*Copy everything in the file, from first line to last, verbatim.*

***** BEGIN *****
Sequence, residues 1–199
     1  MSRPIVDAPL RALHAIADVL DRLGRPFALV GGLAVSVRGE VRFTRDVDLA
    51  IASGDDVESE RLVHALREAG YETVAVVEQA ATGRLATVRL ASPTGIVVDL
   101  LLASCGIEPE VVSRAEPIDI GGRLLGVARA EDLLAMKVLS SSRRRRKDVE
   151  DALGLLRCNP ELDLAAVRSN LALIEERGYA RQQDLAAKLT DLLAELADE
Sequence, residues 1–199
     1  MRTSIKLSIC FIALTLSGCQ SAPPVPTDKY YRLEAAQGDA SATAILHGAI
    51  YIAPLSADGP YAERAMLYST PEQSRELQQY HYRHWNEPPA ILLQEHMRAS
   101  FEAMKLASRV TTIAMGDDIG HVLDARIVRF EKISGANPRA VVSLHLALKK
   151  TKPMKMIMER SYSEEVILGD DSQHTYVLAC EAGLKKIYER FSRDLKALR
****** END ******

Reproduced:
Sequence, residues 1–199
     1  MSRPIVDAPL RALHAIADVL DRLGRPFALV GGLAVSVRGE VRFTRDVDLA
    51  IASGDDVESE RLVHALREAG YETVAVVEQA ATGRLATVRL ASPTGIVVDL
   101  LLASCGIEPE VVSRAEPIDI GGRLLGVARA EDLLAMKVLS SSRRRRKDVE
   151  DALGLLRCNP ELDLAAVRSN LALIEERGYA RQQDLAAKLT DLLAELADE
Sequence, residues 1–199
     1  MRTSIKLSIC FIALTLSGCQ SAPPVPTDKY YRLEAAQGDA SATAILHGAI
    51  YIAPLSADGP YAERAMLYST PEQSRELQQY HYRHWNEPPA ILLQEHMRAS
   101  FEAMKLASRV TTIAMGDDIG HVLDARIVRF EKISGANPRA VVSLHLALKK
   151  TKPMKMIMER SYSEEVILGD DSQHTYVLAC EAGLKKIYER FSRDLKALR